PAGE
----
Returning to my daughter, Amy, sitting with her yesterday was a pleasure. Amy is an adult now and had returned to the Auction Ring as a BUYER. Yesterday I had the privilege of watching her bid at her first livestock auction. Amy had suggested to her employer, Grange Restaurant, in Sacramento, that they support a young person at the auction. Since they hadn’t tried it before they authorized her to buy one lamb for the restaurant; and asked her to bid. Amy contacted one of the high school Agricultural Instructors to identify a deserving student who might need a supportive buyer. The Ag Instructor had been in both 4-H and FFA with Amy when they were members, and in traditional fashion she recommended a student who had worked hard and was presenting a quality animal, but due to personal circumstances needed a supportive buyer. Perfect match for Amy and the Grange Restaurant. Amy was able to successfully purchase the desired lamb for $4.50 per lb. A nice return for the FFA student and within Amy’s budget.

We are proud of the community members who year after year support this activity. They are building a spirit of community, and are participating in educating our youth in hard work, community involvement and the importance of agriculture in our lives. Not everyone needs to work in an agricultural field to recognize and contribute to the importance of agriculture in our lives. In our family we have three generations who have been able to contribute to this process, and we are proud of that effort.

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Cut Your Own Lavender at our Open House

After a year and a half of moving dirt, planting, nearly constant weeding, demolition and construction, it feels like we’re finally able to stand out in the field, look around and see the fruits of our labor.  The lavender is blooming and it looks (and smells) heavenly.  We still have tons of work to do, but we’d like to take this opportunity to pause and invite you to join us for an Open House on Sunday, June 10th.

We’ll share our lavender lemonade and baked goods (and the recipes) and have our lavender hard lotion bars available for purchase, along with fresh and dried bouquets of Folgate, Grosso and Hidcote.  If you prefer, you can walk through the fragrant rows and cut your own bouquet, while watching the happy honeybees hard at work making lavender honey.

Feel free to bring a picnic lunch. Seating is limited so you might want to bring your own blanket or folding chair.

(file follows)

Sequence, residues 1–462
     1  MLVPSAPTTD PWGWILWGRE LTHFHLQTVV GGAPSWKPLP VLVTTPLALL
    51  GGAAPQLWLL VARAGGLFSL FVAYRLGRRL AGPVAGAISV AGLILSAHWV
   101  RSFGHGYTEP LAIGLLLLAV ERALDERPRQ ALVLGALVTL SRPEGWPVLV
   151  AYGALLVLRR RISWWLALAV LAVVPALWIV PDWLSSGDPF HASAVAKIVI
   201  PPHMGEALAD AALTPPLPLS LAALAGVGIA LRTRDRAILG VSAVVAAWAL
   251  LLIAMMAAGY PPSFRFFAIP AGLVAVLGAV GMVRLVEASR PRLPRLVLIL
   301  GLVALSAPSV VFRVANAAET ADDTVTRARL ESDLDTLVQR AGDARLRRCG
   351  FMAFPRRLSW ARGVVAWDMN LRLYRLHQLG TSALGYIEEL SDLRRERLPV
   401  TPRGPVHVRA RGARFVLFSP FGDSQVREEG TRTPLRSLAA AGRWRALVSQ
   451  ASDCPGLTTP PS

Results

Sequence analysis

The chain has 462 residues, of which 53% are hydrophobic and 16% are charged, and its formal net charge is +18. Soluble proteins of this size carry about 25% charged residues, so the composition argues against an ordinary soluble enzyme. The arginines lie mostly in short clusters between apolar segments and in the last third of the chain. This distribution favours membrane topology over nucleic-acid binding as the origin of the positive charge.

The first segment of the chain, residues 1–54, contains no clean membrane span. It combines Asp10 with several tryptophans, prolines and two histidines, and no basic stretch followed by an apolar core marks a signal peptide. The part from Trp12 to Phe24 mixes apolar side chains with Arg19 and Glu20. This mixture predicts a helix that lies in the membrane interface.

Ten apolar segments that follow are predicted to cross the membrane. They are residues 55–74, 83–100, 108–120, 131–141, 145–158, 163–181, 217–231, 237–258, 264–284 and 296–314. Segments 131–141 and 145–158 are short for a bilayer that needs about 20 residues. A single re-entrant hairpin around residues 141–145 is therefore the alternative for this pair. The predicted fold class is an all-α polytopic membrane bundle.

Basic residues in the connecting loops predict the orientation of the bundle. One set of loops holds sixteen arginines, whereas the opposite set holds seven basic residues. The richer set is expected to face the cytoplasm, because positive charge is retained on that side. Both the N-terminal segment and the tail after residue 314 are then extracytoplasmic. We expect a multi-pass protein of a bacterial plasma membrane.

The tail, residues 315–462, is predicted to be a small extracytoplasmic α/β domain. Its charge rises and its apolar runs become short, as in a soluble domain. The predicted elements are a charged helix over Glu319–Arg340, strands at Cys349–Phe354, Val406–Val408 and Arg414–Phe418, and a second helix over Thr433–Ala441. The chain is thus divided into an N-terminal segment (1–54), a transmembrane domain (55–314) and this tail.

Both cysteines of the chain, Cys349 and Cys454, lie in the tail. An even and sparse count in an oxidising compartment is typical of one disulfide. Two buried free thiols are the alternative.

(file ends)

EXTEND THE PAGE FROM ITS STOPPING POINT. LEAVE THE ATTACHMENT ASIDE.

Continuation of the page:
Here are all of the important details:

Cut Your Own Lavender at The Lamm Farm

Sunday, June 10th

10am – 2pm

2700 Gage Lane, Lincoln

Please RSVP on our Facebook page


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Makin’ Lavender Babies

A few months ago, I did quite a bit of research in preparation for our first try at lavender propagation.  Since then, we’ve been working on other projects (okay, mostly just endless weeding and mowing) and waiting for enough new growth on the plants to take cuttings.  Two weekends ago, I decided that we’d better get focused on the project so last weekend, I showed up with all of my supplies to find that one of the varieties was already in BLOOM!

So, I interrupt this story about propagation to tell you – WE HAVE OUR FIRST BLOOMS OF THE SEASON!  The Folgate to be specific – and it’s casting a nice purple haze over the front field.

Folgate in Bloom

That being said, I wasn’t counting on blooms yet so I had to do a little more hunting around in the plants to find decent chunks of growth without long bloom stalks on them already.  I think I would have been in trouble if I’d waited another week.  So, mental note for next year – pay attention to the new growth in early April!

Bright green new growth next to the silvery gray leaves from last year.

I collected my cuttings – 72 Grosso and 72 Folgate – into plastic bags so they kept a bit of moisture as I worked, and then went to the makeshift workbench I’d assembled in the shade of an oak tree.  After looking at our options, I opted for these Jiffy pot seed starting kits – they’re the same size as the heat mats I already have and two of them fit side by side under one long grow light.  Each one is $5 – and I bought the soil-less mix for $5 to fill them.  If we start doing this in any kind of volume in the future, we’ll have to explore other options, but all of my supplies for nearly 150 potential new plants cost less than $30 – not bad.

Grosso Cuttings

All the supplies ready to go

Once I had my cuttings, I performed a bit of plant surgery, carefully removing the lower set of leaves, dipping it into rooting hormone and placing it into little holes I’d poked in the soil. By the time I’d finished the two flats, the little cuttings were starting to wilt so I quickly put their lids on and took them home to their heat mats and grow lights in my garage.

Cuttings ready to become new plants

Three days later, they are looking very happy and, fingers crossed, they should take root in 4-6 weeks.  By the way – I decided to pick up a a reference book, The American Horticultural Society’s Plant Propagation.  I highly recommend it – from every kind of propagation to grafting and seed starting, along with an index of plants with specific information for each, it will be a great guide to have on hand for many years.

Home Sweet Home for the next month or so

Three Days Later - Looking Good!

So, wish us luck! And, let us know if you’d like to buy any lavender – we’re about to have plenty!